December 30, 2019
When the clock strikes midnight on January 1, 2020, California will enter a new decade and a new legislative era, when recently passed labor laws like Assembly Bill 5 (AB5) will regulate gig employment practices and ideally give workers, particularly freelancers, more power on the job.
Assemblywoman Lorena Gonzalez said the new bill requires companies to reclassify many contractors as employees in order to stop workers from falling into a permalance cycle, where they are working regularly but do not have access to benefits and protections employees enjoy.
She introduced the measure to limit the use of 'contractors' by companies in California. A state senate committee approved the measure in July, and Governor Gavin Newsom signed the bill in early September.
Under AB5, companies will have the option of taking on regular freelancers as employees in varying capacities or "they can simply say 'we have a business-to-business relationship' and, if these freelancers are truly small businesses, they can continue to work," according to Gonzalez.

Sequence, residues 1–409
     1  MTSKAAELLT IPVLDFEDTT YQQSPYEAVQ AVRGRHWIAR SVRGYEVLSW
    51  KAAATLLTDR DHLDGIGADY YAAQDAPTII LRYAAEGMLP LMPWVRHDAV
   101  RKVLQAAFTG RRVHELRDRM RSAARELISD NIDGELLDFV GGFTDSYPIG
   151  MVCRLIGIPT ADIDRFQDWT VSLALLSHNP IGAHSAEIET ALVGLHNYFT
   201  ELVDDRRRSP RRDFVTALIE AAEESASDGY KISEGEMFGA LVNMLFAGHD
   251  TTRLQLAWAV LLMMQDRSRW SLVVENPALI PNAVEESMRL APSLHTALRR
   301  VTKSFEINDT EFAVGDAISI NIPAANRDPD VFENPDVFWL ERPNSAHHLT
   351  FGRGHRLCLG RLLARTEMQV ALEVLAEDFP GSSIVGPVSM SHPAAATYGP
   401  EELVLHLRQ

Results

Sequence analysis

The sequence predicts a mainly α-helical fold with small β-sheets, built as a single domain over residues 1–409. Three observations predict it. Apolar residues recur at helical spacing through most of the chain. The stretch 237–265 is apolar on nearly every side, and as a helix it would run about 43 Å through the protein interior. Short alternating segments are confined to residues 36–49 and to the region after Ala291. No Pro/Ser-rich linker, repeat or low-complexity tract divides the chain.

The law, which codified and expanded on an April 2018 California Supreme Court decision, raises questions about what exactly defines a contractor in varying industries, from the creative, like musicians and journalists, to the labor-intensive, like port truckers, who serve the two largest ports in the U.S.: Los Angeles and Long Beach.
Since the bill passed in September, some companies have been struggling to figure out how to comply. Ridesharing giants Uber and Lyft and food delivery service DoorDash, all of which claim their many drivers are contractors, are pushing a ballot initiative that could win them a permanent exemption.
The bill has also had an impact on other industries, such as journalism, where many employees freelance. It garnered some unfavorable attention after Vox Media announced it will end contracts with 200 freelancers in favor of 20 full-time or part-time employees, although Gonzalez told Cheddar the contention that AB5 caused the employment changes is misleading.
"What Vox News said is they've been contemplating this for two years," said Gonzalez, who noted that Vox was previously sued for misusing and underpaying freelance workers..
"We're not going to stop taking on the gig economy," the assemblywoman said, stating that companies like Uber and Lyft do not take responsibility for the actions or well-being of workers. "That's fundamentally unfair to the workers, to the taxpayers, and to California as a whole."